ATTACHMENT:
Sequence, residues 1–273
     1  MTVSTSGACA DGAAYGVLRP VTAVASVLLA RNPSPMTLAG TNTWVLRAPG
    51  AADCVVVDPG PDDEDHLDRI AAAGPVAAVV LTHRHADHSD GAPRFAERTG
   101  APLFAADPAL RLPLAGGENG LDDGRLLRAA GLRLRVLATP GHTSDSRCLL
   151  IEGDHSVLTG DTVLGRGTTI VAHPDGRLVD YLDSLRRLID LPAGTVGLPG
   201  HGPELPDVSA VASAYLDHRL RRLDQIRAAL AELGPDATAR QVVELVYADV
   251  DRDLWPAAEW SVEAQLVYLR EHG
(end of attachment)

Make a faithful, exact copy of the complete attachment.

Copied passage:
Sequence, residues 1–273
     1  MTVSTSGACA DGAAYGVLRP VTAVASVLLA RNPSPMTLAG TNTWVLRAPG
    51  AADCVVVDPG PDDEDHLDRI AAAGPVAAVV LTHRHADHSD GAPRFAERTG
   101  APLFAADPAL RLPLAGGENG LDDGRLLRAA GLRLRVLATP GHTSDSRCLL
   151  IEGDHSVLTG DTVLGRGTTI VAHPDGRLVD YLDSLRRLID LPAGTVGLPG
   201  HGPELPDVSA VASAYLDHRL RRLDQIRAAL AELGPDATAR QVVELVYADV
   251  DRDLWPAAEW SVEAQLVYLR EHG